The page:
A taste of how our Stuart ancestors ate

Sandy Neil and Ols Hofer (from Sealed Knot as a Master Gunner of the Scots Brigade Artillery at Philiphaugh battle site nr Selkirk with food from Traquair House gift shop.
Sandy Neil and Ols Hofer (from Sealed Knot as a Master Gunner of the Scots Brigade Artillery at Philiphaugh battle site nr Selkirk with food from Traquair House gift shop.
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For a long time now, I’ve been meaning to start a new theme of monthly articles called “The Ages of Border Food”, following what Borderers have eaten from prehistory to the twentieth century, featuring either in chronological order or sometimes with jumps ahead or back in time if there was something topical going in.

So this month, to get you in the seventeenth century mood for the re-enactment of the 1645 Battle of Philiphaugh on August 13-14, and two events at Traquair in August, the Traquair Fair (August 6-7) and Borders, Books and Bikes (August 20-21), we’re going to start our Borders culinary journey through time in the Stuart era.

Twenty years after my Scottish history lessons with Dr Wilson at St Mary’s in Melrose, I’d forgotten just how long the Stuarts oversaw our food culture, and fearing I’d perhaps bitten off more than I could chew, I decided to try to focus our trip to the years 1603-1746.

While the Royal House of Stuart reigned in Scotland from Robert II in 1371, the line came to rule England and Ireland too with James VI and I after the Union of the Crowns in 1603, until the last Stuart monarch, Anne of Great Britain, died in 1714 and the House of Hanover succeeded to the throne.

The Stuarts hadn’t quite finished however, leading two Jacobite Risings to restore the Stuart kings to the throne: the first by the Old Pretender James Francis Edward Stuart in 1715, known as The 15, and the second by his son, the Young Pretender, Charles Edward Stuart in 1745, called The 45. Bonnie Prince Charlie’s defeat at the Battle of Culloden in 1746 ended all hopes of a Stuart restoration.

The six Stuart monarchs of England, Scotland and Ireland were interrupted by an interregnum from 1649 to 1660 after the English Civil War - just one of the Wars of the Three Kingdoms: an intertwined series of conflicts arising when the three countries came under the personal rule of Charles I. The Battle of Philiphaugh in 1645 was fought as part of the War of the Three Kingdoms, and the Covenanters’ victory under General Leslie against the Royalists commanded by the Marquis of Montrose ended King Charles’ cause in Scotland.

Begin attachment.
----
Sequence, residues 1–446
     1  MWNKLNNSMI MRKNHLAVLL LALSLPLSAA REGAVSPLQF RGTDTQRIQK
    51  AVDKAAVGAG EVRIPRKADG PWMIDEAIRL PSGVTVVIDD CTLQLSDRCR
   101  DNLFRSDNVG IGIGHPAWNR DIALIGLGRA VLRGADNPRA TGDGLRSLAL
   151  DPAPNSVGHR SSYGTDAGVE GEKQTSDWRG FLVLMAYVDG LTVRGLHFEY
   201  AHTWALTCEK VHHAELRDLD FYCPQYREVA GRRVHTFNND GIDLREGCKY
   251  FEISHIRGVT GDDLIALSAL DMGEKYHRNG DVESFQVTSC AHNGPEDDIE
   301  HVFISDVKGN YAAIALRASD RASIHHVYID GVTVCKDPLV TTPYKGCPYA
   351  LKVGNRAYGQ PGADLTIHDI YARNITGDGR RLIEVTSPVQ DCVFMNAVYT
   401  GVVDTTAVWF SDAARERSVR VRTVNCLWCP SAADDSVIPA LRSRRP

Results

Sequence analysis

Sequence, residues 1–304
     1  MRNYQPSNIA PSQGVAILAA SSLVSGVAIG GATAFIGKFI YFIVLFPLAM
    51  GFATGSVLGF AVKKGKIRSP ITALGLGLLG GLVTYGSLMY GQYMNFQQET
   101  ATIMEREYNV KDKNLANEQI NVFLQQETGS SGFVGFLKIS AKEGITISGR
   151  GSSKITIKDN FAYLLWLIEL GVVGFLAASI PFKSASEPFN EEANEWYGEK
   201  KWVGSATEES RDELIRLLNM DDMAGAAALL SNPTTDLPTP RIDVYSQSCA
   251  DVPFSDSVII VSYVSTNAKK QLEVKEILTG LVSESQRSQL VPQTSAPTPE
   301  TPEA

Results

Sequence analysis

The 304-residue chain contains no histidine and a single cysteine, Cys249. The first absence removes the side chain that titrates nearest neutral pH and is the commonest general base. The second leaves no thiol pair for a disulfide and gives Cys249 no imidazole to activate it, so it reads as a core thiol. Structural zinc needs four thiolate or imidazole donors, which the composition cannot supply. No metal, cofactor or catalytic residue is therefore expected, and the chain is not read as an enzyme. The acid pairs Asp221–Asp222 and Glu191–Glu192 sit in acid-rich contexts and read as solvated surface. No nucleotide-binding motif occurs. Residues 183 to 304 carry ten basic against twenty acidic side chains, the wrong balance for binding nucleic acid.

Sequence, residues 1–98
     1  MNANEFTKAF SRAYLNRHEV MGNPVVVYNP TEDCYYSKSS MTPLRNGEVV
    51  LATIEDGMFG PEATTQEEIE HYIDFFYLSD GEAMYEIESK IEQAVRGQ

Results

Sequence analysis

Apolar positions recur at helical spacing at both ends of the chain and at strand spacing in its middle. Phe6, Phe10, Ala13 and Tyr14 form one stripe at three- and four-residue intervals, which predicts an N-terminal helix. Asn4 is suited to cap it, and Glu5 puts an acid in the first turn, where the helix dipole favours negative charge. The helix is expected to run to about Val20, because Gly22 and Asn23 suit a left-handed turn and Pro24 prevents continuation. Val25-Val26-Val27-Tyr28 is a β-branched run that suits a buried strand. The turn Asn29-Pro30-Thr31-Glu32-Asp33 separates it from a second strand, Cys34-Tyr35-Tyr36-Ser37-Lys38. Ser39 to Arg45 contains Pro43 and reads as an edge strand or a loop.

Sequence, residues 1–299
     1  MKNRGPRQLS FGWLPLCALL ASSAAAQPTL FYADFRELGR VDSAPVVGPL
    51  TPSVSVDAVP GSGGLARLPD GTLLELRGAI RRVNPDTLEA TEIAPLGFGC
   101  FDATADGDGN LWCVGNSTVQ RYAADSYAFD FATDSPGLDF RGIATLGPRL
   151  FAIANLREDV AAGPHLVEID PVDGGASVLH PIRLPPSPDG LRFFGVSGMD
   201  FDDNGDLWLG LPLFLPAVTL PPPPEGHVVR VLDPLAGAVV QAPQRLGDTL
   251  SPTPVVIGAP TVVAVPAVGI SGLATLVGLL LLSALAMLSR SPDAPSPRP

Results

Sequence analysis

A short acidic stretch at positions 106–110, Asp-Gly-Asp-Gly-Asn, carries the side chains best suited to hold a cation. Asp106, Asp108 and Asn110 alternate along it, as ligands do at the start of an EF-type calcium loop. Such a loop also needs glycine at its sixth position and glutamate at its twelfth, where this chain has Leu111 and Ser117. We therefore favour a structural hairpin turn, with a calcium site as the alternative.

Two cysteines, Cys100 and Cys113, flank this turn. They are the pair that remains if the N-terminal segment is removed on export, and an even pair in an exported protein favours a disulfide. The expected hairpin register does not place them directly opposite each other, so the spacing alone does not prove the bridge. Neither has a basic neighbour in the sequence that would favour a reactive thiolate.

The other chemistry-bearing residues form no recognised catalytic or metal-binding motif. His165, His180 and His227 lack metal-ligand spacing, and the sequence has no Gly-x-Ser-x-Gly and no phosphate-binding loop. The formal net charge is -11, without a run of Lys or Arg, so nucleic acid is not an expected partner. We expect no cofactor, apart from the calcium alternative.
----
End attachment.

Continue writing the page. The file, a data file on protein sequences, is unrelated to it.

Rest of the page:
During the weekend of the battle re-enactment at Philiphaugh near Selkirk, the Waterwheel Café overlooking the battlefield will be serving Stuart dishes, including knot biscuits (twisted, spiced shortbread), gingerbread with claret, chicken cullis, and a battlefield pie with a Stuart chutney. “The soldiers will need a hunky thing to stuff in their pockets to keep them going during the battle,” forecasts Lynn Hume, chef to the battle. For children, there’ll even be taster pots of gruel.

Scotland has long had a special relationship with France, and has often turned to her for support in skirmishes with England. Although strong links go back to the 12th century, it was during the 16th century that the Auld Alliance between the two countries really brought about a change in culinary fashions.

James V of Scotland married a French noblewoman, Mary of Guise-Lorraine, and she brought with her to the court at Holyrood in Edinburgh a large retinue of servants and courtiers. Entertaining in the French matter became all the rage, and fashionable people vied with one another to follow her lead and set the most lavish table. The fashions set by Mary of Guise-Lorraine were strengthened by her daughter, Mary Queen of Scots, who had been brought up at the French court.

Everybody connected with court circles now wanted a French chef, and their tables overflowed with a wasteful abundance of rich food.

These extravagances led to a real food shortage, and in 1581 a law had to be passed to prevent “superfluous banquetting”. Dishes were allotted according to one’s station in life, and fines imposed if regulations were contravened.

During this century the practice of eating dessert was introduced from France. Before this sweet and savoury dishes had been served side by side.

These culinary fashions were at first confined to Edinburgh and its environs such as the Borders, and it was not until the eighteenth century that elaborate cooking became the vogue in wealthier houses throughout Scotland.

Although the direct association with France came to an end with the unification of the English and Scottish Parliaments in 1707, French influence is still apparent in the kitchens of Scottish life today: gigot or jiggot from gigot, a leg of mutton; ashet from assiette, a dish; grosert, the gooseberry, from groseille.